On the other hand, you are proposing that the tobacco companies should continue to engage in this heinous conduct in order that they can continue trading as a cash cow for the lawyers. This suggests that it isn’t actually that bad. Or, more plausibly, that plaintiffs’ lawyers in tobacco litigation are a bunch of amoral lying weasels.

    If what the tobacco companies were doing was really bad enough for a full-economic-value-of-business fine to be appropriate, then an honest court would stop them doing it.

  3. GeorgeMundstock says:

    Jonathan, under now-applicable Florida lawyer, the attorneys fees in Engle are limited to an hourly rate times a low multiplier to compensate the lawyers for risk. I agree that civil punitives are awkward here. The idea is not to take the company away, however, just the profits. That is easier said than done, as the companies probably would raise prices and pay the damges out of the pockets of addicted smokers. Judge Kay’s trial opinion captured this, but he recognized that the power of the civil courts is limited. A federal government criminal action seems to me to be the optimal remedy, but the political power of the tobacco companies being what it was and is….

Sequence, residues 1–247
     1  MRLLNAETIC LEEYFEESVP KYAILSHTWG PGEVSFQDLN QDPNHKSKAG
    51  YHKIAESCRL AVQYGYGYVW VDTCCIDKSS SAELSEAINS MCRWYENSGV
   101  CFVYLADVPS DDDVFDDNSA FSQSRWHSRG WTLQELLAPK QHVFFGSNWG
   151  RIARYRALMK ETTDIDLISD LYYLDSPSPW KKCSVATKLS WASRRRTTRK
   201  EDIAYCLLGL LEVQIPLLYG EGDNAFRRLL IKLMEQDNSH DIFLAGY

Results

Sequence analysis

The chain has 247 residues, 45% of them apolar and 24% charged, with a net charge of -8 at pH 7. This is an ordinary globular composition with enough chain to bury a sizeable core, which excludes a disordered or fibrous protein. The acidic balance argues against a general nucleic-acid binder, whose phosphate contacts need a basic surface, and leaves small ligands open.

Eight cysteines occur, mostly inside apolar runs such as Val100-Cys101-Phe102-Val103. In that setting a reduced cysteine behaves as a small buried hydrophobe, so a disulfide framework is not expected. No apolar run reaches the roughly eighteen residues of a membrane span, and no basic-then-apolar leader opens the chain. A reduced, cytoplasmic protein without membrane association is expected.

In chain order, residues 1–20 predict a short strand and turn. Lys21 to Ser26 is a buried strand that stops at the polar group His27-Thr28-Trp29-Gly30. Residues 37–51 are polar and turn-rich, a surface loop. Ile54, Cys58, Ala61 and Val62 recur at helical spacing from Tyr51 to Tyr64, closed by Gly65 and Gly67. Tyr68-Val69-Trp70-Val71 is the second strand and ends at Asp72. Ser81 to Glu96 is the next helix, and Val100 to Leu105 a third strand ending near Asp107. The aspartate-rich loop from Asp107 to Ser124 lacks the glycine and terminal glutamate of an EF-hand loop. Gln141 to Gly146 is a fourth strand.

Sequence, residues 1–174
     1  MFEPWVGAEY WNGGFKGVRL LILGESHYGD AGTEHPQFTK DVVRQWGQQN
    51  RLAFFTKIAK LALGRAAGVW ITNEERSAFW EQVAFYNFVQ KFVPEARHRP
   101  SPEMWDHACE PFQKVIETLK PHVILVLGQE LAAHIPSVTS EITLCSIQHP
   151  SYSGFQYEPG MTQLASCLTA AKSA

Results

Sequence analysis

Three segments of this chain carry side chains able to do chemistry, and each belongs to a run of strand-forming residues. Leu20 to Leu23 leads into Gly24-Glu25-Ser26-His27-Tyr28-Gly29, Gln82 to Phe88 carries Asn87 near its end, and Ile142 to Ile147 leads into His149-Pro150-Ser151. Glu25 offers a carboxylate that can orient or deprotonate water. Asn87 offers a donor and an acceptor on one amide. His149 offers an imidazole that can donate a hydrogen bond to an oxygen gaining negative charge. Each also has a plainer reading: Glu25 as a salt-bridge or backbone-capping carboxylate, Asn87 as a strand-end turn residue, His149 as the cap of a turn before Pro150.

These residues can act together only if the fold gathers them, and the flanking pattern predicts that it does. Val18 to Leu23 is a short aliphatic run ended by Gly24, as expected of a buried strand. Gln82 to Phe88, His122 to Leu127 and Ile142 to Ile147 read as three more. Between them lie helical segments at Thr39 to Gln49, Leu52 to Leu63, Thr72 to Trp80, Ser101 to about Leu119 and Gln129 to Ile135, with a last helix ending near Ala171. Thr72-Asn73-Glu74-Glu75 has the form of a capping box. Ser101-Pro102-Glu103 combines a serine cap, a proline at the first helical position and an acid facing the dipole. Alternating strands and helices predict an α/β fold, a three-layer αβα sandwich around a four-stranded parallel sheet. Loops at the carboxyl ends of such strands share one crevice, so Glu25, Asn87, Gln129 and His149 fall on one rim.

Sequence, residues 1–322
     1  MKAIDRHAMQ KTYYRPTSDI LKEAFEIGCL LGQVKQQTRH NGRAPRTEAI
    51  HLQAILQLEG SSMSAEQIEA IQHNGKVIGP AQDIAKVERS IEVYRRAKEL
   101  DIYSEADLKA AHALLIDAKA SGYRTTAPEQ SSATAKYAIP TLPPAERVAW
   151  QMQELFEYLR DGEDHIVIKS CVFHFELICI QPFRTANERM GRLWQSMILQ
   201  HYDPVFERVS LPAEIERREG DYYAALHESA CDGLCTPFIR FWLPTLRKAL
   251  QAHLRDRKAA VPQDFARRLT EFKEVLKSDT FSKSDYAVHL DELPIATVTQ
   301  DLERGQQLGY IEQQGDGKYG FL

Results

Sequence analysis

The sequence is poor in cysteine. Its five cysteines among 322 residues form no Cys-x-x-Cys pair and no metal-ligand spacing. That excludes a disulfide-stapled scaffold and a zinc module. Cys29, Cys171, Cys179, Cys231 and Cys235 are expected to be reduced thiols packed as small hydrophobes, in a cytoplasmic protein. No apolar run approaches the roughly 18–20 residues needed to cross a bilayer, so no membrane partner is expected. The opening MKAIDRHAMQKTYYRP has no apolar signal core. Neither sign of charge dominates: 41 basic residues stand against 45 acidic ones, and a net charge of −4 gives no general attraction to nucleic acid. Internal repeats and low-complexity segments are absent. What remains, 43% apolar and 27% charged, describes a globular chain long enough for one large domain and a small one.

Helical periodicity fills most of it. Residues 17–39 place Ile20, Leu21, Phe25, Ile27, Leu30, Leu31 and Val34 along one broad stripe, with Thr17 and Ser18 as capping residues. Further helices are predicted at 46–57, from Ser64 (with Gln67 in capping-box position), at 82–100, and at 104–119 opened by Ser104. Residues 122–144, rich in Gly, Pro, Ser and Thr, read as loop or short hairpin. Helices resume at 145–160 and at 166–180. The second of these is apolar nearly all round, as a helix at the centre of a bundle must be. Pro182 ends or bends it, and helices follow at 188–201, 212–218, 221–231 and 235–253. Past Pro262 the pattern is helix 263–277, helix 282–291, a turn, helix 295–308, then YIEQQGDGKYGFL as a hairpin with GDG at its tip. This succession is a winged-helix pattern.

4. Jordan says:

    Jonathan,
    The purpose of punitive damages has nothing to do with lawyers. By definition, punitive damages are meant to punish. Specifically, punitive damages are awarded to punish a defendant for a particularly egregious conduct and to deter such conduct in the future. In the instant case, the question is what would be significant enough to truly get the attention of the tobbacco industry and hurt enough to indeed deter such conduct in the future. In this case, if you look at the true value of these companies, this damage award figure is absolutely reasonable. It should not be looked at in terms of how much the victims will be compensated, that is the purpose of an award of actual damages. We should also not look at this in temrs of what the lawyers will make, that is completely irrelevant and will be determined as Professor Mundstock explains. The only appropriate way to look at punitive damages is by examining the extent to which such damages will deter the defendant from engaging in such egregious conduct in the future.